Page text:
This test picture, taken as part of commissioning the mission to ‘fine tune’ the behaviour of the instruments, is one of the first proper ‘images’ to be seen from Gaia, but ironically, it will also be one of the last, as Gaia's main scientific operational mode does not involve sending full images back to Earth.
Gaia was launched on 19 December 2013, and is orbiting around a virtual point in space called L2, 1.5 million kilometres from Earth.
Gaia’s goal is to create the most accurate map yet of the Milky Way. It will make precise measurements of the positions and motions of about 1% of the total population of roughly 100 billion stars in our home Galaxy to help answer questions about its origin and evolution.
Repeatedly scanning the sky, Gaia will observe each of its billion stars an average of 70 times each over five years. In addition to positions and motions, Gaia will also measure key physical properties of each star, including its brightness, temperature and chemical composition.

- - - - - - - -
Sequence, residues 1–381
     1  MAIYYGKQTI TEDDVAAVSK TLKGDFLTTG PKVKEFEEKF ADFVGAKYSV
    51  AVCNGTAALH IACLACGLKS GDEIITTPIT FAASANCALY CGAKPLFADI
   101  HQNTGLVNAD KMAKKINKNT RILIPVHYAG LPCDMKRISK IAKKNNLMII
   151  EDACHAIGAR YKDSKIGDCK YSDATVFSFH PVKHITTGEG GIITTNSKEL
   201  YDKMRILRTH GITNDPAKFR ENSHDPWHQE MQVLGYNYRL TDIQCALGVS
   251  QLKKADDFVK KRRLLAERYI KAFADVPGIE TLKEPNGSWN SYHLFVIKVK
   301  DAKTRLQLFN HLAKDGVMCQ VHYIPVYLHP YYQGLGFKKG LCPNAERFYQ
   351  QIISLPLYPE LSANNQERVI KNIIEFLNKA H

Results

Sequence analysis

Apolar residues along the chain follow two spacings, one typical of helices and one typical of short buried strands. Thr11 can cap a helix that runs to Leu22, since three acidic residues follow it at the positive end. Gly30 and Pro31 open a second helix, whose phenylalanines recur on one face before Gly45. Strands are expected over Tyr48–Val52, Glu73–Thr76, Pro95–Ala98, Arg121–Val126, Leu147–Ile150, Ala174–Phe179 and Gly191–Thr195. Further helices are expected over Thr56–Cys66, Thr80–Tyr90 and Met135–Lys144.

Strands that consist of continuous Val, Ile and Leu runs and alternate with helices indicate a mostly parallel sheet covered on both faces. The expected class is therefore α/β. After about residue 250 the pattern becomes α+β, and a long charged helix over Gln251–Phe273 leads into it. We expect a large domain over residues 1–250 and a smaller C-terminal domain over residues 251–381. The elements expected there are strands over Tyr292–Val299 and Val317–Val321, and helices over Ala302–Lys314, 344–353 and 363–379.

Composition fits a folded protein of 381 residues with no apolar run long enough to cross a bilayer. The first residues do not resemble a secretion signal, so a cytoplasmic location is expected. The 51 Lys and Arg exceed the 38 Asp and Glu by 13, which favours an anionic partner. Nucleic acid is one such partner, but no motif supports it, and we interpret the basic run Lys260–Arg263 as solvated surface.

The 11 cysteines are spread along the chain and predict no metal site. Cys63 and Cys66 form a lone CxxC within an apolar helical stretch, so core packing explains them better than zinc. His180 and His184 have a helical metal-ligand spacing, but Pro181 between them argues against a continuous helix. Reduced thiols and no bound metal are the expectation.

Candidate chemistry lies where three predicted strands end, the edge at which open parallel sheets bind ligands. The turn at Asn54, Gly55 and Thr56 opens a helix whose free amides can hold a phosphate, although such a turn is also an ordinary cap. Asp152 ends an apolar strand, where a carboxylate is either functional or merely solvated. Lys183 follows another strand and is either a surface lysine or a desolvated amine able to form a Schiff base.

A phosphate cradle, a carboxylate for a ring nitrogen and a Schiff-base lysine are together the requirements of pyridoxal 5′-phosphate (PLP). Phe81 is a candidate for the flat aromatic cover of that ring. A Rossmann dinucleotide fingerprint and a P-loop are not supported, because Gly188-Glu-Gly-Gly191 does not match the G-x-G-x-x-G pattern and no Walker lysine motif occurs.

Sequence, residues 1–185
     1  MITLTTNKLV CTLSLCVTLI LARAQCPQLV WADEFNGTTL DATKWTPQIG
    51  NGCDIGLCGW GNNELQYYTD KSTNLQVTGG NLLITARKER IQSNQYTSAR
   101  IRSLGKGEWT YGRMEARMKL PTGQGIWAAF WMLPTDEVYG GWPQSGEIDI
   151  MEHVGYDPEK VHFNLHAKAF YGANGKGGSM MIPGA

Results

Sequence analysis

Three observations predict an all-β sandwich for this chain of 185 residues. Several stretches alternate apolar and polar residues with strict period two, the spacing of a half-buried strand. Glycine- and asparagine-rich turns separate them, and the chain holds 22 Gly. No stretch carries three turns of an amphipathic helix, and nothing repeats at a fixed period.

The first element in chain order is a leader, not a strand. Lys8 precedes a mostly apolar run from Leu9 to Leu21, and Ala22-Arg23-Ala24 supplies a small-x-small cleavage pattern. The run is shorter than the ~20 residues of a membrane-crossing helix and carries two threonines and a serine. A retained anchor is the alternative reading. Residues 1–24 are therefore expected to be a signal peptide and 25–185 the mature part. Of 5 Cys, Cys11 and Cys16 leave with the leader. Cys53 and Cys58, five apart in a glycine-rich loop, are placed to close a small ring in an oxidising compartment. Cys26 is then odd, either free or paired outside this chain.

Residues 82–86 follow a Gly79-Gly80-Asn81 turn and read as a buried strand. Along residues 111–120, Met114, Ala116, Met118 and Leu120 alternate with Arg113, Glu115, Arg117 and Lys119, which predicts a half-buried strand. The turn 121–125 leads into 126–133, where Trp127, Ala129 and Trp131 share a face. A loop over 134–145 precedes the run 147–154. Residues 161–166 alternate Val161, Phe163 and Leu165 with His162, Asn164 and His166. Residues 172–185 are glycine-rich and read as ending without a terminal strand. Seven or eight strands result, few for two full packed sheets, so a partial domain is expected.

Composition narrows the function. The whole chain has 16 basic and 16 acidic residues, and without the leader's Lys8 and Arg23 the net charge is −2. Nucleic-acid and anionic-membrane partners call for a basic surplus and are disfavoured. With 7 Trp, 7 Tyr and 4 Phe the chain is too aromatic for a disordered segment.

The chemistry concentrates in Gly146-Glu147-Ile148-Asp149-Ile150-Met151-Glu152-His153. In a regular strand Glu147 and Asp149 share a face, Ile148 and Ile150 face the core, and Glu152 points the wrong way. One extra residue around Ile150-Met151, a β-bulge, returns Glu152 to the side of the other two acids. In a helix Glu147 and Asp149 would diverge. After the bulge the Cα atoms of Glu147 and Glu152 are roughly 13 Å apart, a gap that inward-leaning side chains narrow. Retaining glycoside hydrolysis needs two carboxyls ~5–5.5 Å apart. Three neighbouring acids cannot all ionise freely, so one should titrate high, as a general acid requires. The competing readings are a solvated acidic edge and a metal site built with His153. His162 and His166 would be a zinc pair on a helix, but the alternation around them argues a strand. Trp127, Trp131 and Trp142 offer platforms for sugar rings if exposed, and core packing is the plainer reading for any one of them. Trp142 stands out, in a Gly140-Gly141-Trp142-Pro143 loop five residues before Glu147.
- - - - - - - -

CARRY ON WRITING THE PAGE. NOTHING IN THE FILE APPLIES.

To achieve its goal, Gaia will spin slowly, sweeping its two telescopes across the entire sky and focusing the light from their separate fields simultaneously onto a single digital camera – the largest ever flown in space, with nearly a billion pixels.
But first, the telescopes must be aligned and focused, along with precise calibration of the instruments, a painstaking procedure that will take several months before Gaia is ready to enter its five-year operational phase.
As part of that process, the Gaia team have been using a test mode to download sections of data from the camera, including this image of NGC1818, a young star cluster in the Large Magellanic Cloud. The image covers an area less than 1% of the full Gaia field of view.
The team is making good progress, but there is still work to be done to understand the full behaviour and performance of the instruments.
While all one billion of Gaia’s target stars will have been observed during the first six months of operations, repeated observations over five years will be needed to measure their tiny movements to allow astronomers to determine their distances and motions through space.